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The Ras/mitogen-activated protein kinase (MAPK) pathway is considered to be a positive regulator of tumor initiation, progression, and maintenance. This study reports an opposite finding: we have found strong evidence that the MAPK pathway is inhibited in a subset of adenoid cystic carcinomas (ACCs) of the salivary glands. ACC tumors consistently overexpress the receptor tyrosine kinase (RTK) c-Kit, which has been considered a therapeutic target. We performed mutational analysis of the c-Kit gene (KIT in 17 cases of ACC and found that 2 cases of ACC had distinct missense mutations in KIT at both the genomic DNA and messenger RNA levels. These mutations caused G664R and R796G amino acid substitutions in the kinase domains. Surprisingly, the mutations were functionally inactive in cultured cells. We observed a significant reduction of MAPK (ERK1/2) activity in tumor cells, as assessed by immunohistochemistry. We performed further mutational analysis of the downstream effectors in the c-Kit pathway in the genes HRAS, KRAS, NRAS, BRAF, PIK3CA, and PTEN. This analysis revealed that two ACC tumors without KIT mutations had missense mutations in either KRAS or BRAF, causing S17N K-Ras and V590I B-Raf mutants, respectively. Our functional analysis showed that proteins with these mutations were also inactive in cultured cells. This is the first time that MAPK activity from the RTK signaling has been shown to be inhibited by gene mutations during tumor development. Because ACC seems to proliferate despite inactivation of the c-Kit signaling pathway...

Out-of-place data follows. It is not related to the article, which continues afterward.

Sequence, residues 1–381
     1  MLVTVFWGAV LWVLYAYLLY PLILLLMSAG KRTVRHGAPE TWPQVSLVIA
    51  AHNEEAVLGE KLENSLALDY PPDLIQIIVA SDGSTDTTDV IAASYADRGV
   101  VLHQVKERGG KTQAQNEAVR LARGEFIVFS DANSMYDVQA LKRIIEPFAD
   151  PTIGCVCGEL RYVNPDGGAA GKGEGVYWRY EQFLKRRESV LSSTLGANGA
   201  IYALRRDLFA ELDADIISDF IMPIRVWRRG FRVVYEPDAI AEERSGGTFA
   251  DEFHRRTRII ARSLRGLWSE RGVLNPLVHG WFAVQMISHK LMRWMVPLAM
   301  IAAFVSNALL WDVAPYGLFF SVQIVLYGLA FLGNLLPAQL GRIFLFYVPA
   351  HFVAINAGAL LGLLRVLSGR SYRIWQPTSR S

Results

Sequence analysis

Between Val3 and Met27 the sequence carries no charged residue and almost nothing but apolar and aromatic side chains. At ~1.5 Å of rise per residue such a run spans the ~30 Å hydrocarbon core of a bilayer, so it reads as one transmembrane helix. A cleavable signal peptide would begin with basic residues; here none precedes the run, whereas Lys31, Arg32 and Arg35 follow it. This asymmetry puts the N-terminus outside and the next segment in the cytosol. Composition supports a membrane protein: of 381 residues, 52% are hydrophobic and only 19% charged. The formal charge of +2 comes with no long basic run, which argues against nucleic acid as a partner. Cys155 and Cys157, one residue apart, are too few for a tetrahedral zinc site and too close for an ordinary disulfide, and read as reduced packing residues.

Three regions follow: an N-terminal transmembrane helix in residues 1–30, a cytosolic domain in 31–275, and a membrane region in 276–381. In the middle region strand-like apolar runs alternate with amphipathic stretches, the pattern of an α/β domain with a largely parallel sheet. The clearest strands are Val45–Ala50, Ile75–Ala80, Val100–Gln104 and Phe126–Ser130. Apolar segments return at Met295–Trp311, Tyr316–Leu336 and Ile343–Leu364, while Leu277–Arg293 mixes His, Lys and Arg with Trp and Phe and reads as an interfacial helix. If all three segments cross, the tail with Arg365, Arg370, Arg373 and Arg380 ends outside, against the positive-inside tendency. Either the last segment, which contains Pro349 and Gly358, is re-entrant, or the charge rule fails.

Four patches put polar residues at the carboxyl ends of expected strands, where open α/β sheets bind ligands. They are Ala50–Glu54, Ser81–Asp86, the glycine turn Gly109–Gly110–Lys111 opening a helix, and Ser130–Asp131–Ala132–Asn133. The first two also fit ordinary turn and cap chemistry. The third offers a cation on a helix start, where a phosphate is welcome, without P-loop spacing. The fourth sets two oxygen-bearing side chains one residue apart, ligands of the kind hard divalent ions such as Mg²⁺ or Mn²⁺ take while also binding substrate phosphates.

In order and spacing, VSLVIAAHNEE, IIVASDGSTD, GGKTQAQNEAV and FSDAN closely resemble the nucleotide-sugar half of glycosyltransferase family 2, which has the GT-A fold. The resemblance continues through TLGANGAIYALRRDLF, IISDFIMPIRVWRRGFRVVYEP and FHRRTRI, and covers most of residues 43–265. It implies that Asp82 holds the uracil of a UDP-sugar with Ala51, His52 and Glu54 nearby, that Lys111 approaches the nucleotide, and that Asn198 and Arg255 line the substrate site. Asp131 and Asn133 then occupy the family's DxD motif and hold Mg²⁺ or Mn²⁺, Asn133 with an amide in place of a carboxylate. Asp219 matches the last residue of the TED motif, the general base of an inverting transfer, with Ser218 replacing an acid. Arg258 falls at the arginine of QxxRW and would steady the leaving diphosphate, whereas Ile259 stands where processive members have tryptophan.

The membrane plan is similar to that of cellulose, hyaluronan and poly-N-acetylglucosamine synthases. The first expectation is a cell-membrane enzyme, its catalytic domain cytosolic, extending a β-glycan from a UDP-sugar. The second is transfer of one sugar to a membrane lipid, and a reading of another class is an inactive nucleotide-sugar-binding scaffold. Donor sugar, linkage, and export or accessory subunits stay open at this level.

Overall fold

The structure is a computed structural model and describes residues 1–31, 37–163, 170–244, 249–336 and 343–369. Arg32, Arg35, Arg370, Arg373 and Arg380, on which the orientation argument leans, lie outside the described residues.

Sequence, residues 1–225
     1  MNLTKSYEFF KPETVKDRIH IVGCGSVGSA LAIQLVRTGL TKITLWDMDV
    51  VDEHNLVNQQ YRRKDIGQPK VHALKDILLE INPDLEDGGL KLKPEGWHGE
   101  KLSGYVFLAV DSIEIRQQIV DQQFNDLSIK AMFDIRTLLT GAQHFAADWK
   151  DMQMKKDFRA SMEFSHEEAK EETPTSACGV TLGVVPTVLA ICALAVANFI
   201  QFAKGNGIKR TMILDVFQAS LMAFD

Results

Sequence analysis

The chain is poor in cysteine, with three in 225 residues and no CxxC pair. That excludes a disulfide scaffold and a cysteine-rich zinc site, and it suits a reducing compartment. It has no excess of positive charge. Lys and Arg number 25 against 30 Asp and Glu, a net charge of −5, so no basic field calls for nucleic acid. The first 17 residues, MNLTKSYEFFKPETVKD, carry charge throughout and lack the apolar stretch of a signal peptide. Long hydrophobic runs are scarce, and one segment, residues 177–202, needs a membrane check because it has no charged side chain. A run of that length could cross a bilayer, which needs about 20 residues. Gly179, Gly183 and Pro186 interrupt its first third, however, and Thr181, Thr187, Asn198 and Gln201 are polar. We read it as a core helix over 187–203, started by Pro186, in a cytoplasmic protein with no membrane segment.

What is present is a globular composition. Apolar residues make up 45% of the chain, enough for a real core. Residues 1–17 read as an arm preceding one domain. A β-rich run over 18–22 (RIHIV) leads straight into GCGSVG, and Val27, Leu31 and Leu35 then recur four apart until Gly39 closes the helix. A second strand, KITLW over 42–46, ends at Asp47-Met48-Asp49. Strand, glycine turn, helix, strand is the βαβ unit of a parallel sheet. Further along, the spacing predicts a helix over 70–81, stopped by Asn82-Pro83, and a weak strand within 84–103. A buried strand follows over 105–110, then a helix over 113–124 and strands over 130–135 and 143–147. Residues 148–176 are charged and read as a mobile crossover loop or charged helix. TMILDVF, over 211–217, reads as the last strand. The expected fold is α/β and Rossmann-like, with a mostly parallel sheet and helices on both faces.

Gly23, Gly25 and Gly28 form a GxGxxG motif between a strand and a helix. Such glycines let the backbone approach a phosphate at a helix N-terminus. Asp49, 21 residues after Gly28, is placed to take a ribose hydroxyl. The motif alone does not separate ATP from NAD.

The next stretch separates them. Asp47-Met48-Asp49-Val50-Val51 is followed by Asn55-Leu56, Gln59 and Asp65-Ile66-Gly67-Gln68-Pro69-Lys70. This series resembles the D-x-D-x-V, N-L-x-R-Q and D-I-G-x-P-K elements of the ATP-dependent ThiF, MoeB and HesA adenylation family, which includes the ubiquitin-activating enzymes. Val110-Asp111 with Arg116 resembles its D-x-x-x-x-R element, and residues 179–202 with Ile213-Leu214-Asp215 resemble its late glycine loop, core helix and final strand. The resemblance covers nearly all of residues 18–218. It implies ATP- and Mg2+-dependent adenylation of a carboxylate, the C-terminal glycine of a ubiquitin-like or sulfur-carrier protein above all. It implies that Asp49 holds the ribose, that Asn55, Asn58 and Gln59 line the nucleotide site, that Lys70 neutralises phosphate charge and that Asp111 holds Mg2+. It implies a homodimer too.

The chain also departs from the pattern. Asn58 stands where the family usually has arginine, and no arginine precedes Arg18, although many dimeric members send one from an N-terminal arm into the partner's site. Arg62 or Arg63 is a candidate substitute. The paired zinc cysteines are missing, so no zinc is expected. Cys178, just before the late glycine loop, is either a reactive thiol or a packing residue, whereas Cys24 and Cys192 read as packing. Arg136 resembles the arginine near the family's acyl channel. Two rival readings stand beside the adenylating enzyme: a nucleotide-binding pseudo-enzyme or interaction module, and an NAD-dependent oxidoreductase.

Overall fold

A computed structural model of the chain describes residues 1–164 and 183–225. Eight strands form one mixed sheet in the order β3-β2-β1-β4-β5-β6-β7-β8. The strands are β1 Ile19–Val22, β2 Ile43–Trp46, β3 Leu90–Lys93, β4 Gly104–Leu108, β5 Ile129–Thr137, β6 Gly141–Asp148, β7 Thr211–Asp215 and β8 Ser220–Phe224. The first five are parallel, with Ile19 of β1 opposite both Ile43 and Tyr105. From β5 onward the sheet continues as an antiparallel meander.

‣ Expansion of mutation spectrum, determination of mutation cluster regions and predictive structural classification of SPAST mutations in hereditary spastic paraplegia

Shoukier, Moneef; Neesen, Juergen; Sauter, Simone M; Argyriou, Loukas; Doerwald, Nadine; Pantakani, DV Krishna; Mannan, Ashraf U
Fonte: Nature Publishing Group Publicador: Nature Publishing Group
Tipo: Artigo de Revista Científica